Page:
He suffered a sever stroke on August 17, 1983, and another in 1990, and died of a heart attack on January 25, 1991. He was inducted into the Steel Guitar Hall of Fame in 1986. One of his personal 7-string ShoBros was donated for permanent display to the Country Music Hall of Fame in Nashville on July 23, 1999.

Gretsch Serial Numbers (1965-1973)

Number on top of peg board. After June 1967, on back, with Made in USA added (later dropped).
First digit or first two digits = month ( 1-12)
Next digit is later digit of year = (1969-73: 9,0,1,2,3)
Remaining digits = rank of individuals instrument (not just ShoBros but all Gretsch models)
Example: 8 3124 = August, 1973, instrument 124 made by Gretsch"

So, that means that your instrument was built in April, 1973 and was the 51st instrument produced. (4 3051)

I have no idea where you would find the model number to determine whether it's the Hawaiian or Spanish model! Perhaps someone with a resonator could shed some light as to where the model number might be located?

Hope this at least gives you and your son a jumping off point for more research if needed! :D

..· ´¨¨)) -:¦:-
¸.·´ .·´¨¨))
((¸¸.·´ .·´
-:¦:- ((¸¸.·´ -:¦:- Elecktrablue -:¦:-

"Don't wanna ride no shootin' star. Just wanna play on the rhythm guitar." Emmylou Harris, "Rhythm Guitar" from "The Ballad of Sally Rose"


   
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(@dogbite)
Illustrious Member
Joined: 19 years ago
Posts: 6348
 

cheers to electrablue. !
Dellani,
you have a valuable guitar. hang on to it.
take some pictures that you can post. there is a steel guitar forum
with knowledgeable folks. posting there and you may even meet the one of the original makers
of your guitar. we'd ;like to see it too.
Gretsch I believe is now owned by Fender.

http://www.steelguitarforum.com

http://www.soundclick.com/bands/pagemusic.cfm?bandID=644552
http://www.soundclick.com/couleerockinvaders


   
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(@smokindog)
Illustrious Member
Joined: 19 years ago
Posts: 5345
 

Wow, thats pretty cool 8) EB you have some serious research skills :D First my brother in laws "10 string ukulele" and now this "Sho-Bro". I think you could probably market that skill :D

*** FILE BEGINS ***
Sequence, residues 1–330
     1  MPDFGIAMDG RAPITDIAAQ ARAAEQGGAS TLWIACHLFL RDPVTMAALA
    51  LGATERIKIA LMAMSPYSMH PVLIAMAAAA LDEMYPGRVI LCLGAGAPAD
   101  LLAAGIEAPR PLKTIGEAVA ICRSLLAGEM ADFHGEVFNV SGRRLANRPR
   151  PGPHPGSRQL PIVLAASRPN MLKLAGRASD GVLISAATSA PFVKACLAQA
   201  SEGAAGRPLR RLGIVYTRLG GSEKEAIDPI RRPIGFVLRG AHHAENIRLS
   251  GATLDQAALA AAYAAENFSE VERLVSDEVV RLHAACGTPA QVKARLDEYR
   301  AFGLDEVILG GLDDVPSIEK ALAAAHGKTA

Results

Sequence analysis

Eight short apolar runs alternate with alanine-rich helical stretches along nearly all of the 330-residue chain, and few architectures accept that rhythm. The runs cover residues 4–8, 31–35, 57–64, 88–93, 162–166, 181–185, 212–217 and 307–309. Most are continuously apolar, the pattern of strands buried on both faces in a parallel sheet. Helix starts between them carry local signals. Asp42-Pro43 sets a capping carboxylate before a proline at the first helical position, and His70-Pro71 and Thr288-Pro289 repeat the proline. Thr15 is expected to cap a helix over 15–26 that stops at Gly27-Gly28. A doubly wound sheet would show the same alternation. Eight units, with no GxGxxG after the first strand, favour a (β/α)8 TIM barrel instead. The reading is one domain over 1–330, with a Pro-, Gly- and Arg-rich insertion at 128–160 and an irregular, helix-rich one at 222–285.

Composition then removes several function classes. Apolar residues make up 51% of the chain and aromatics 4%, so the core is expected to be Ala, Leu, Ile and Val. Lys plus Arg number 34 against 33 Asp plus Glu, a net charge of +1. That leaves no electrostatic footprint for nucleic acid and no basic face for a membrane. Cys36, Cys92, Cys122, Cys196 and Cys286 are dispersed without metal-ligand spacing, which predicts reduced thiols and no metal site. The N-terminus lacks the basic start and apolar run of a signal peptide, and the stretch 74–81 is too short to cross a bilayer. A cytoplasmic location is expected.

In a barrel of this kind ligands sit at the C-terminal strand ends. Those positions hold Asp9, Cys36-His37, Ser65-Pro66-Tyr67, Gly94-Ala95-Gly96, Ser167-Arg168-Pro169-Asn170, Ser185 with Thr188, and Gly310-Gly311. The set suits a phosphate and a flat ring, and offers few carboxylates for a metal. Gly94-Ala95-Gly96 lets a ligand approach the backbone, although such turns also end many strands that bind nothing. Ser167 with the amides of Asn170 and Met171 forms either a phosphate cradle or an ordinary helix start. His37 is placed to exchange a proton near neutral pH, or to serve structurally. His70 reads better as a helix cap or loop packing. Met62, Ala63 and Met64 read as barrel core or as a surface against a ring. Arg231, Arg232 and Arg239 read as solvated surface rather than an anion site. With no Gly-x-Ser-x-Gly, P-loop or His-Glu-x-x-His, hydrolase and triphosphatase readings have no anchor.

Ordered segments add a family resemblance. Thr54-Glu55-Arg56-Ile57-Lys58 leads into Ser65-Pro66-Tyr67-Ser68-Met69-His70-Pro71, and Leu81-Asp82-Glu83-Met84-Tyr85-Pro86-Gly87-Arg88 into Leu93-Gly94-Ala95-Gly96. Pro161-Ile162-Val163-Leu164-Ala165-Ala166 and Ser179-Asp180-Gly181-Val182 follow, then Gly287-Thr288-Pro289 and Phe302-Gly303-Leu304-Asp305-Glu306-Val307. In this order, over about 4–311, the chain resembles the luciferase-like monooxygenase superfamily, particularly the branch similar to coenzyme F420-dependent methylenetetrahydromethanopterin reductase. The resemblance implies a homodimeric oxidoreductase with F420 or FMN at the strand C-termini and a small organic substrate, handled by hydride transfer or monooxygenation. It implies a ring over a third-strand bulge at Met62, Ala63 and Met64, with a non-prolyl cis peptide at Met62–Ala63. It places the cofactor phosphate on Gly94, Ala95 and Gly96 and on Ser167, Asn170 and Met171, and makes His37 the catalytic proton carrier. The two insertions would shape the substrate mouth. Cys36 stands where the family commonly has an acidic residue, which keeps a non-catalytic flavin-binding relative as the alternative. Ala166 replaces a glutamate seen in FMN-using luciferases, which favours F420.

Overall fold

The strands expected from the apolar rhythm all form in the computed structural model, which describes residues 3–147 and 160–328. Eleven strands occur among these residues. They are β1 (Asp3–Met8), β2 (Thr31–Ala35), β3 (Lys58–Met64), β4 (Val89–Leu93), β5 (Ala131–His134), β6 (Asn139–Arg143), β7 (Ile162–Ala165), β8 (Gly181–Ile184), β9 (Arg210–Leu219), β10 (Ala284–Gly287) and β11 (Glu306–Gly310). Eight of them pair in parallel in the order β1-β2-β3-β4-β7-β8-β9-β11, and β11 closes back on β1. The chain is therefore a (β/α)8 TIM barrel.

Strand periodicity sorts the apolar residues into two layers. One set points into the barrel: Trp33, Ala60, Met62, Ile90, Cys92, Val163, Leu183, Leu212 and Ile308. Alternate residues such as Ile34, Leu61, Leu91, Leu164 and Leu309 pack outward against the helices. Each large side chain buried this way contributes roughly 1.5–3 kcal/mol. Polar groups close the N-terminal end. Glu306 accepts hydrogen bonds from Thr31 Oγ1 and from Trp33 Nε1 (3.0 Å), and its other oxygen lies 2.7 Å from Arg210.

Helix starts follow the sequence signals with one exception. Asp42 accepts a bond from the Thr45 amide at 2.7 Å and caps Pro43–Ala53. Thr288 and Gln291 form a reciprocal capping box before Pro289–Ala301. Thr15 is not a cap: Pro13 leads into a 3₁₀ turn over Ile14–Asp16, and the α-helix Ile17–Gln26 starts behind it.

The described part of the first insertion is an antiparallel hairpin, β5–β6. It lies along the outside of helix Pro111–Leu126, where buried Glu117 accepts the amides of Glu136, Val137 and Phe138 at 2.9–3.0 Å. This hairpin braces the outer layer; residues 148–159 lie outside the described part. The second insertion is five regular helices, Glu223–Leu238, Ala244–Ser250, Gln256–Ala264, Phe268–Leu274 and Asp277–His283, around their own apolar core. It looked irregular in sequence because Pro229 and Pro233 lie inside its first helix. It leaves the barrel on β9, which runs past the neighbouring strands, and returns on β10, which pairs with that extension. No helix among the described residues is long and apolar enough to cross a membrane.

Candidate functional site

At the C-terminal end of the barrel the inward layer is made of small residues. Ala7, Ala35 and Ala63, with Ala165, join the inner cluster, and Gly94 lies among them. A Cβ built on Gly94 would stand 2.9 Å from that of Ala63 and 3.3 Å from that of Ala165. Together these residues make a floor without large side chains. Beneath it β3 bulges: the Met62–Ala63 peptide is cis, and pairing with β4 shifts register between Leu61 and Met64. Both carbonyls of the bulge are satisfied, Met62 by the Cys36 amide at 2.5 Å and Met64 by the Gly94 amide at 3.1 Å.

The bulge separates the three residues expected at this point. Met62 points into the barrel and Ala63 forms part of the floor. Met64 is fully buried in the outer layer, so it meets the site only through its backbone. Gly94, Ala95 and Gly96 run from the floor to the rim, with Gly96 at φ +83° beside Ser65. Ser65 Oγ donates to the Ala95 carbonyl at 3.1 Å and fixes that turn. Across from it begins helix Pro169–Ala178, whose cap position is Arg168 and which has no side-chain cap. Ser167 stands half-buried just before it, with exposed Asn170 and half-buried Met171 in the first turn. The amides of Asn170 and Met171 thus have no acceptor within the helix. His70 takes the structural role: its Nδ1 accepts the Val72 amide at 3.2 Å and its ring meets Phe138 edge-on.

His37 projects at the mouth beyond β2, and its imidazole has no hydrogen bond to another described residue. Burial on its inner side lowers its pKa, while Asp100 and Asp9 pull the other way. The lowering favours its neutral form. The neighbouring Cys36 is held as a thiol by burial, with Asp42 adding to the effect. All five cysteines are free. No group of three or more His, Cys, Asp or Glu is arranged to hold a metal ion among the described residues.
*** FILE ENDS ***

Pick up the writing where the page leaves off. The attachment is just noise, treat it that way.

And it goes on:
Dellani, thats a beautiful ax 8)

My Youtube Page
http://www.youtube.com/user/smokindog
http://www.soundclick.com/smokindogandthebluezers

http://www.soundclick.com/guitarforumjams


   
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(@dellani)
Active Member
Joined: 17 years ago
Posts: 9
Topic starter  

Thanks so much! This will make my son very happy. The guitar has a lot of sentimental value, but knowing more about it will really please him. Every guitar has a story, this one is still being written. I will get some pictures to post so everyone can see what a beautiful instrument it is.

"Play me a song, Curtis Lowe, Curtis Lowe. I've got your drinking money, so tune up your Dobro..." Ballad of Curtis Lowe by Lynyrd Skynyrd


   
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(@conuvial)
Trusted Member
Joined: 17 years ago
Posts: 45
 

Here's a copy of a Gretsch Sho-Bro ad from 1972.

It shows the difference between the Hawaiian and Spanish models.

The text is rather small - the Hawaiian model is on the left - the Spanish on the right.

"...it's in him, and it got to come out..." - JLH


   
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(@elecktrablue)
Famed Member
Joined: 19 years ago
Posts: 4338
 

I see! The neck is much wider on the Hawaiian.... makes perfect sense, now that I've seen it! It looks like the body is slightly larger than the Spanish, as well. And the placement (and size?) of the resonator is different, too. They're using the old model numbers, which were changed in '72. Very interesting! Thanks for posting that, Conuvial!

EDIT: Did you notice the placement of the fret markers on the Spanish one? Interesting! I don't believe that I've ever seen them placed on the edge before!

..· ´¨¨)) -:¦:-
¸.·´ .·´¨¨))
((¸¸.·´ .·´
-:¦:- ((¸¸.·´ -:¦:- Elecktrablue -:¦:-

"Don't wanna ride no shootin' star. Just wanna play on the rhythm guitar." Emmylou Harris, "Rhythm Guitar" from "The Ballad of Sally Rose"


   
ReplyQuote
(@boxboy)
Noble Member
Joined: 18 years ago
Posts: 1221
 

Hello one and all. I have no experience playing a guitar, though I hope to one day. I came here mostly because I am in search of information. I am hoping someone out there can point me in the right direction.

My oldest son (22 - and a very good guitarist) was willed a Sho-Bro guitar when my cousin's husband died. We are currently trying to find out anything we can about it. Precious little, as it turns out. The guitar is made by Gretsch. It has a curved neck and the body is a cutaway - similar in shape to the Gretsch Silver Jet. The serial number on the back (by the Made in USA marker) is 4 3051. I read up on Gretsch serial numbers, but didn't see anything like this one. Is there anyone who can help me decipher this? Where can I go to find out more for my son? He is very interested in the history of his instrument. It was dearly loved by Marty, the man who left it to him. My son has no intention of selling the guitar, he just wants to know its roots. Thank you for any information you can give me! :)